Fortunately, there are no Cottonmouths (Agkistrodon piscivorus) in the Big South Fork watershed, but rocky portions of the riverscour are prime habitat for Timber Rattlesnakes (Crotalus horridus), so you still have to keep your eyes and ears out and pay careful attention to where you step. We encountered three in one day and saw the freshly shed skin of a fourth. At one point we were walking single file through a particularly rocky section and suddenly heard that unmistakable and eerie rattle, seemingly coming from all around us but from nowhere in particular at the same time. We all jumped up onto a high ledge of bare rock to look for the source but couldn’t find it. Some tapping around with a walking stick induced it to rattle again (See FIG 4 video below) and we discovered it was under a large rock inches from where I had stepped a minute before!
FIG 4 (VIDEO). We find the location of a hidden Timber Rattlesnake (Crotalus horridus) by getting it to rattle a second time after I stepped inches from it a minute earlier and got a very clear and familiar warning. Video by Ben Benton.
But what we were really looking for (and found!) were several globally rare plants including Cumberland Rosemary (Conradina verticillata) and Virginia Spiraea (Spiraea virginiana), both of which are listed as Threatened under the federal Endangered Species Act, and Large-flowered Barbara’s Buttons (Marshallia grandiflora), which is listed as Endangered by the State of Tennessee—all shown below in FIG 5.
FIG 5. Rare Finds: Top to bottom and left to right: (a) Cumberland Rosemary (Conradina verticillata) is a fragrant, low, creeping shrub listed as Threatened by both the U.S. Fish and Wildlife Service and the State of Tennessee. It is found in sandy riverscour in the Cumberland Plateau and Eastern Highland Rim in Tennessee and Kentucky, and nowhere else. (b, c) Virginia Spiraea (Spiraea virginiana) is another rare colony-forming shrub endemic to riverscour. It is listed as Threatened by the U.S. Fish and Wildlife Service and Endangered by the State of Tennessee. Photos by Theo Witsell.
Rare Finds: Top to bottom and left to right: 3 photos of Large-flowered Barbara’s Buttons (Marshallia grandiflora), a globally rare wildflower endemic to riverscour grasslands in a few areas of the Appalachians. It is listed as Endangered by the State of Tennessee. Photos by Ben Benton (flower) and Theo Witsell (leaves).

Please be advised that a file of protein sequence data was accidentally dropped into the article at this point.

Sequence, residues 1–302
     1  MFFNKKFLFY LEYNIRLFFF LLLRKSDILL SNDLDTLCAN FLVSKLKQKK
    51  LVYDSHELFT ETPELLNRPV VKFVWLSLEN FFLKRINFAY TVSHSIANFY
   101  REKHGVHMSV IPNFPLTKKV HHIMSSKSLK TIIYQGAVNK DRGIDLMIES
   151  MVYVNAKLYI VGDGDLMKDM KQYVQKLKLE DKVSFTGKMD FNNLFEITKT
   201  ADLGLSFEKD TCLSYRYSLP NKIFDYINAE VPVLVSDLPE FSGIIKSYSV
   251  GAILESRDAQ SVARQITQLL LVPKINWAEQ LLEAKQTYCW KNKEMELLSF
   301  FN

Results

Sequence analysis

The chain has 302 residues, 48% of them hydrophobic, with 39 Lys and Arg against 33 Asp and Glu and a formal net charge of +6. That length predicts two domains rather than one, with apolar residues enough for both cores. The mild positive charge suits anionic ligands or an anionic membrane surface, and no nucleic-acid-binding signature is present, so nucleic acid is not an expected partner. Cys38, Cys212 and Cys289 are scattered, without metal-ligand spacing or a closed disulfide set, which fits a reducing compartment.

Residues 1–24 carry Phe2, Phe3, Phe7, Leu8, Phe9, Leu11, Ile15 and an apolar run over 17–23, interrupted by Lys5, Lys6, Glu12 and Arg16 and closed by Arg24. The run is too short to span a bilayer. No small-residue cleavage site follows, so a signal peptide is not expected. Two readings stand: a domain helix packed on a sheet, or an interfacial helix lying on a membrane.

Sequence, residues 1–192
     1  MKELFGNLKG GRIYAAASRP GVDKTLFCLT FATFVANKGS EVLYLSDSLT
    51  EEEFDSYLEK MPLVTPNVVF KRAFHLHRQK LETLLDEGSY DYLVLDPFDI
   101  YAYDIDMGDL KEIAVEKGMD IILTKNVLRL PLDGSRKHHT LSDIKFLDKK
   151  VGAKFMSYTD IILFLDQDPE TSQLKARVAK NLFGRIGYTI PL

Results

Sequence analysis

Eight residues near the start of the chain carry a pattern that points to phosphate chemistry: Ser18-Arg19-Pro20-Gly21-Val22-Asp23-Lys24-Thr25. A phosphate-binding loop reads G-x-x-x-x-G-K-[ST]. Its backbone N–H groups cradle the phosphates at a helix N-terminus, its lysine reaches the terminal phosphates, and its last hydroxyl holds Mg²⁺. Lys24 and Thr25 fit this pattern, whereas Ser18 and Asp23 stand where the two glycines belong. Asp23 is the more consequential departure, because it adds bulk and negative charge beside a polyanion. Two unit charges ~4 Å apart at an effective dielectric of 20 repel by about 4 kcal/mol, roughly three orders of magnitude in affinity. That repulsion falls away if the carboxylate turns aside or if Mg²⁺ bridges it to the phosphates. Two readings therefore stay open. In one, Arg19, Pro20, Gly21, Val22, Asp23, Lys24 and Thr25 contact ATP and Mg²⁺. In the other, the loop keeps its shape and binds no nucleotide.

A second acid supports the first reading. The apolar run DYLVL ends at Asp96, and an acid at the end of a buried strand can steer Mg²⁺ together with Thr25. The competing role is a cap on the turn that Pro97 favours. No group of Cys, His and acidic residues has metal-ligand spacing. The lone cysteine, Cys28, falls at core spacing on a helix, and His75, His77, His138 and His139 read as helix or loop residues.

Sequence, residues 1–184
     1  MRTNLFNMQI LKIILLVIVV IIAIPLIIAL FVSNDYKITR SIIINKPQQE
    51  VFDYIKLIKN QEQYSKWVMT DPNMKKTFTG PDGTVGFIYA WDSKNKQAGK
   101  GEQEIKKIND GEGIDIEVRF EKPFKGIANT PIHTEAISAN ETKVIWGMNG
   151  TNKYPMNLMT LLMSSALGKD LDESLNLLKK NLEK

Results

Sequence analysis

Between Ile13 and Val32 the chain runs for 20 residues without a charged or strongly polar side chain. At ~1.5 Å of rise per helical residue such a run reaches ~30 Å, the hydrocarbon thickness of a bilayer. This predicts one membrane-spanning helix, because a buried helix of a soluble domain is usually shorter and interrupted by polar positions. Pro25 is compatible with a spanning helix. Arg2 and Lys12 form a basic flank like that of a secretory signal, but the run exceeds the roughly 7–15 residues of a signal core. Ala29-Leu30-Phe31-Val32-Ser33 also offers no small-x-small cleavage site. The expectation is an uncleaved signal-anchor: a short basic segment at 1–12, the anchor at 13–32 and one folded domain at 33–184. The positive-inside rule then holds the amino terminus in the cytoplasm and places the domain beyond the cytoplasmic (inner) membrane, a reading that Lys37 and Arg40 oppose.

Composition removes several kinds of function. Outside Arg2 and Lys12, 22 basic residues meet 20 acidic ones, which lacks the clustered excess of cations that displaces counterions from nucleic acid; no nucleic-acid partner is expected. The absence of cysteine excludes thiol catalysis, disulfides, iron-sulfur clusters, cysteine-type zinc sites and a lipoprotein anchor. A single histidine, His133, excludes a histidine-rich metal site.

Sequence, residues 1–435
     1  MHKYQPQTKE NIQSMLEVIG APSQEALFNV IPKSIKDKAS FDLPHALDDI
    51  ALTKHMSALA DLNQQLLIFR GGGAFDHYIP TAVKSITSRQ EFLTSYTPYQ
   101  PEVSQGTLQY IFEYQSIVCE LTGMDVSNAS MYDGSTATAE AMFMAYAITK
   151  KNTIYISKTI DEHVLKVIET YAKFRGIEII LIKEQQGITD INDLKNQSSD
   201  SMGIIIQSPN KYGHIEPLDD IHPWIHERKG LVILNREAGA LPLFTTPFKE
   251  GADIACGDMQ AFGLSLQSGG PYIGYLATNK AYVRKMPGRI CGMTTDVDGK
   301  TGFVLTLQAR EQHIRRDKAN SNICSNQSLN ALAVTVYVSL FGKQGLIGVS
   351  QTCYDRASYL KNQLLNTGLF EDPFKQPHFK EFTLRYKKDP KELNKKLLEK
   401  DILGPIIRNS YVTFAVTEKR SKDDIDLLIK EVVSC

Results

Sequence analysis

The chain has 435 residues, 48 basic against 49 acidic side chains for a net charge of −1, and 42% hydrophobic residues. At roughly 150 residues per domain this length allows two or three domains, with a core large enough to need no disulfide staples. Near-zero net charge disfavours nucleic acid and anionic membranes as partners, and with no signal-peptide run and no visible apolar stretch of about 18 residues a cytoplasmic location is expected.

We also found previously undocumented sites for Bog Oat-grass (Danthonia epilis), Northern White-cedar (Thuja occidentalis, FIG 6), and Silky Dogwood (Cornus obliqua) which are all tracked as species of state conservation concern by the Tennessee Natural Heritage Program.
FIG 6. Rare Finds: SGI volunteer Ben Benton with a specimen of Northern White-cedar (Thuja occidentalis). This species is at the southern edge of its range on the Cumberland Plateau and is listed as a species of state conservation concern by the Tennessee Natural Heritage Program. Photos by Theo Witsell.
Not all good finds . . .
It wasn’t all good finds though. As we cataloged each species we encountered, we documented a number of non-native invasives including Silktree or Mimosa (Albizia julibrissin), Japanese Spiraea (Spiraea japonica), Tall Fescue (Schedonorus arundinaceus), Chinese Privet (Ligustrum sinense), and the ever-present riverscour invader Sericea Lespedeza (Lespedeza cuneata).
This was just one of many trips we will make to the Clear Fork on this project and we anticipate making many more interesting discoveries. As we conduct the surveys we are taking photos of many species and posting them on iNaturalist. Anyone interested in what we are finding can see them in the iNaturalist project Riverscour Barrens of the Clear Fork River, Tennessee.
FIG 1. Banner photo: A riverscour habitat along the Clear Fork River, within the Big South Fork National River and Recreation Area, Scott County, Tennessee. Photo by Theo Witsell.